As I write to you all, I am lounging around in the comfort of my own home. I’m connected to my high speed Internet playing music from my bluetooth speaker, all the while I’m using my laptop. Now, I don’t want any of this to be misconstrued and misread: this is not about me trying to gloat about my possessions or any material item. This is me offering perspective. I am from a two- parent household, so I am blessed to be in the position that I’m in. However, some of my peers are not as privileged as I am.
HCC online is not for everyone. It’s clearly much easier to access for students who are financially able to afford the technology required for online schooling. What about the less economically stable students? That “high speed” wi-fi isn’t available to them. Almost everyone has a smartphone, but not everyone has a solid data plan so even the option of doing any sort of school work or registration is made more laborious then necessary.
This is only the tip of the iceberg for technological issues that students who aren’t financially stable have to face.
Accessibility is the main problem with online schooling. Fine, the argument could be made that most students are capable of finishing said online work through other means such as libraries and even other people’s homes. With that being said, this is not the climate in which such can be possible. Given the current pandemic, these students are now put at even more of a disadvantage. The funds aren’t there, and that’s causing students to lose out on an education that they already paid for.
It has been proven that students coming from lower income households are more likely to have difficulty in school, from the jump. According to Watson Scott Swail, CEO of the Educational Policy Institute, an organization dedicated to helping less privileged students, this trend continues through students’ entire academic career. “For those who do manage to go to college, they are, on average, ill-prepared for the journey. Their poor academic preparation handicaps them the entire way, as do poor time-management and study skills,” Swail argues.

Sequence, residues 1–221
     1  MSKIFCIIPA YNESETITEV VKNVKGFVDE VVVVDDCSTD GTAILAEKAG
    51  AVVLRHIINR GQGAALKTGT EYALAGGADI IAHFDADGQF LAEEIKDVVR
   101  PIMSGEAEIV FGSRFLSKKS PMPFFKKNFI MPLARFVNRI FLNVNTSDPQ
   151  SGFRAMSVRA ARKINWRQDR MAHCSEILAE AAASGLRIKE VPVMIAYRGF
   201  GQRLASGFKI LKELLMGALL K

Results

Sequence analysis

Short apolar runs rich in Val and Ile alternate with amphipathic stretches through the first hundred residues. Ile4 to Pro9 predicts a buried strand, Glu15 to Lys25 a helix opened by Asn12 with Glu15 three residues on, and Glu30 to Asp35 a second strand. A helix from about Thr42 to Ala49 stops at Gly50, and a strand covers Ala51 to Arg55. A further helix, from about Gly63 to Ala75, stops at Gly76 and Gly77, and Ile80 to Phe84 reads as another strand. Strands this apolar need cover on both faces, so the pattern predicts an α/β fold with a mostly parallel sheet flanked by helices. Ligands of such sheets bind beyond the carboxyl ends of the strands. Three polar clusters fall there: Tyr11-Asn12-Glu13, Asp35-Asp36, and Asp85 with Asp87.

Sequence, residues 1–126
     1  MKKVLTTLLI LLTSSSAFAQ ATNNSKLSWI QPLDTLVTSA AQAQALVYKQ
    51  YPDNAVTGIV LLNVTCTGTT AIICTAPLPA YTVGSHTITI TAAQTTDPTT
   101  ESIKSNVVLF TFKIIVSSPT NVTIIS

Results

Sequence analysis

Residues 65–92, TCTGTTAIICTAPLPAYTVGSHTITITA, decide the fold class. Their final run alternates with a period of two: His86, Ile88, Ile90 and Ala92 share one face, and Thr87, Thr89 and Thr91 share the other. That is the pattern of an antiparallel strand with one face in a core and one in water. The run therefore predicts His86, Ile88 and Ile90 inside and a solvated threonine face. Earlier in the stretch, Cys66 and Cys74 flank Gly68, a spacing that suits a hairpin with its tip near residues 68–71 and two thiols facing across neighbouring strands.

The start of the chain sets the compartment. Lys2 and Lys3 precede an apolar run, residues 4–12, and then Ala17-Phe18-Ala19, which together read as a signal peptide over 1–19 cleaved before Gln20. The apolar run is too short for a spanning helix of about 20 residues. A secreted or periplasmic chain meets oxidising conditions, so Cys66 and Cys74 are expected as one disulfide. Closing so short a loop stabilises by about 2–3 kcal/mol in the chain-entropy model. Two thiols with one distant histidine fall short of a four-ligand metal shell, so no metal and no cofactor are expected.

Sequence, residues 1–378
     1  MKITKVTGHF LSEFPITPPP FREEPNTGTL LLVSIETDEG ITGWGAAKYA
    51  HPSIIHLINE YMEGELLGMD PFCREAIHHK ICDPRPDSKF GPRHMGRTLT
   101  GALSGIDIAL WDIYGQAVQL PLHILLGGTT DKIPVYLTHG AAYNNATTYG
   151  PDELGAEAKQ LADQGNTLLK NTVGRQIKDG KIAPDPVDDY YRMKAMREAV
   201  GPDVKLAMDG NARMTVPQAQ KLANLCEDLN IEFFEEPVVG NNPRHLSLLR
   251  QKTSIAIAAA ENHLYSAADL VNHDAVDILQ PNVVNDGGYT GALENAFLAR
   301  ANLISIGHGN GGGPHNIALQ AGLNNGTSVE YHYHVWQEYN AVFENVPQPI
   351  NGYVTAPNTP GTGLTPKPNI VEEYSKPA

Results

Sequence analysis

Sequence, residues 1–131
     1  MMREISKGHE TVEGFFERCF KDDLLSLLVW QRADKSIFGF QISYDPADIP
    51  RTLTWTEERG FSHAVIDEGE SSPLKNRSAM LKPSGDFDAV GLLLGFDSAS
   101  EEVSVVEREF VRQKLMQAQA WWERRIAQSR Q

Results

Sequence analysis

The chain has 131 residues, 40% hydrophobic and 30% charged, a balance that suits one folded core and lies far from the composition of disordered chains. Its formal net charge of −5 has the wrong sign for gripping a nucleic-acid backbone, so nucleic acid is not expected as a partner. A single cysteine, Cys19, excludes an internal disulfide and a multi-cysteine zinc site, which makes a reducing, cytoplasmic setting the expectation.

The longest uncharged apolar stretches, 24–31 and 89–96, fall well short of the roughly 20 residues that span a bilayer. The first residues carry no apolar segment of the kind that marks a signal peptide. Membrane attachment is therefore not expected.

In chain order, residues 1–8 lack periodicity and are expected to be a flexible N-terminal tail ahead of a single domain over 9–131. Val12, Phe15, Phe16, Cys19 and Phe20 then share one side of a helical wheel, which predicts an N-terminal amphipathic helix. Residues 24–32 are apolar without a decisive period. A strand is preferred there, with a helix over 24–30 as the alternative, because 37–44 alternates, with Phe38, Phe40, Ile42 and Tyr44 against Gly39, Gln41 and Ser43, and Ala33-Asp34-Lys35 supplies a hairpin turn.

Speaking on the aforementioned “lost education,” what happens to all of the money these students are spending, thus putting them even further into poverty? Students aren’t paying ONLY for the curriculum. When paying for tuition, students are also paying for the services and facilities that define the campus. With everything being shut down, students are losing out on all of the extra services that they PAID for and putting themselves in further debt. Aside from just classes, students are paying for access to technology labs, advising offices and general campus life benefits.
With classes being moved online and the campus closed, all of these services provided by the school are now either compromised or have shut down completely. Generally speaking, when a person pays for a service, they are expected to receive that full service. That should apply here as well. We are not receiving the full experience, so it makes no sense to pay for said experience. Unless students are going to be reimbursed for the loss, these students are put in a worse position than they entered with.